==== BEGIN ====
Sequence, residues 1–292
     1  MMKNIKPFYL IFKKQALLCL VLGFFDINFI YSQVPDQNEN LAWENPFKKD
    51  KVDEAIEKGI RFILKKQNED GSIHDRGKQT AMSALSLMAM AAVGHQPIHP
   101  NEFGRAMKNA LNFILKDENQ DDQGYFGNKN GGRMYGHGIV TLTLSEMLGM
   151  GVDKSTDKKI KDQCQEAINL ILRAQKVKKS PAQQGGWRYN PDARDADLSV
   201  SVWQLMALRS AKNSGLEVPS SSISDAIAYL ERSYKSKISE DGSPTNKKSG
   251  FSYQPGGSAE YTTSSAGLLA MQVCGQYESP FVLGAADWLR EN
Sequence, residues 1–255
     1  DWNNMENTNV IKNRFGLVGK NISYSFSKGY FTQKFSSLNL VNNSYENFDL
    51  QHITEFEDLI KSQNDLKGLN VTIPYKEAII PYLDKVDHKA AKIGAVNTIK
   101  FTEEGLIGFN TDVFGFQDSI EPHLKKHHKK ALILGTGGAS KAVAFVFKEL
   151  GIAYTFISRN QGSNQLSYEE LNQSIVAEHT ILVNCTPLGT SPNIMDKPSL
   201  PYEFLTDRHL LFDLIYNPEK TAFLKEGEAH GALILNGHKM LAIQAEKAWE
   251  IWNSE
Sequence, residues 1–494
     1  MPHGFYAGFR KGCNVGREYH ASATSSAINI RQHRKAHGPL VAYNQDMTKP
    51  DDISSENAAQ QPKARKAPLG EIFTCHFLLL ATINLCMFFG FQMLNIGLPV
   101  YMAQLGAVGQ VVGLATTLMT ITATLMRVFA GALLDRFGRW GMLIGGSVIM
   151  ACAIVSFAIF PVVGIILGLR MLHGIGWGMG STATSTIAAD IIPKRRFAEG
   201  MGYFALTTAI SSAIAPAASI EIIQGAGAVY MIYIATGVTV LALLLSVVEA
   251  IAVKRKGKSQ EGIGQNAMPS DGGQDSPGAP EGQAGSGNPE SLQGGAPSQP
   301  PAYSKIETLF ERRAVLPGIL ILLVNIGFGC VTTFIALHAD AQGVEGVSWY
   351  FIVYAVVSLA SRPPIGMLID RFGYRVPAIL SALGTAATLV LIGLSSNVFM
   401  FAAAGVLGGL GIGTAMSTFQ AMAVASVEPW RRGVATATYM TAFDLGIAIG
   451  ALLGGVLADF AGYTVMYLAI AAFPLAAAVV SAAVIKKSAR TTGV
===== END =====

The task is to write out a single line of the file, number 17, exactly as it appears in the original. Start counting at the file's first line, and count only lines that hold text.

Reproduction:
    51  DDISSENAAQ QPKARKAPLG EIFTCHFLLL ATINLCMFFG FQMLNIGLPV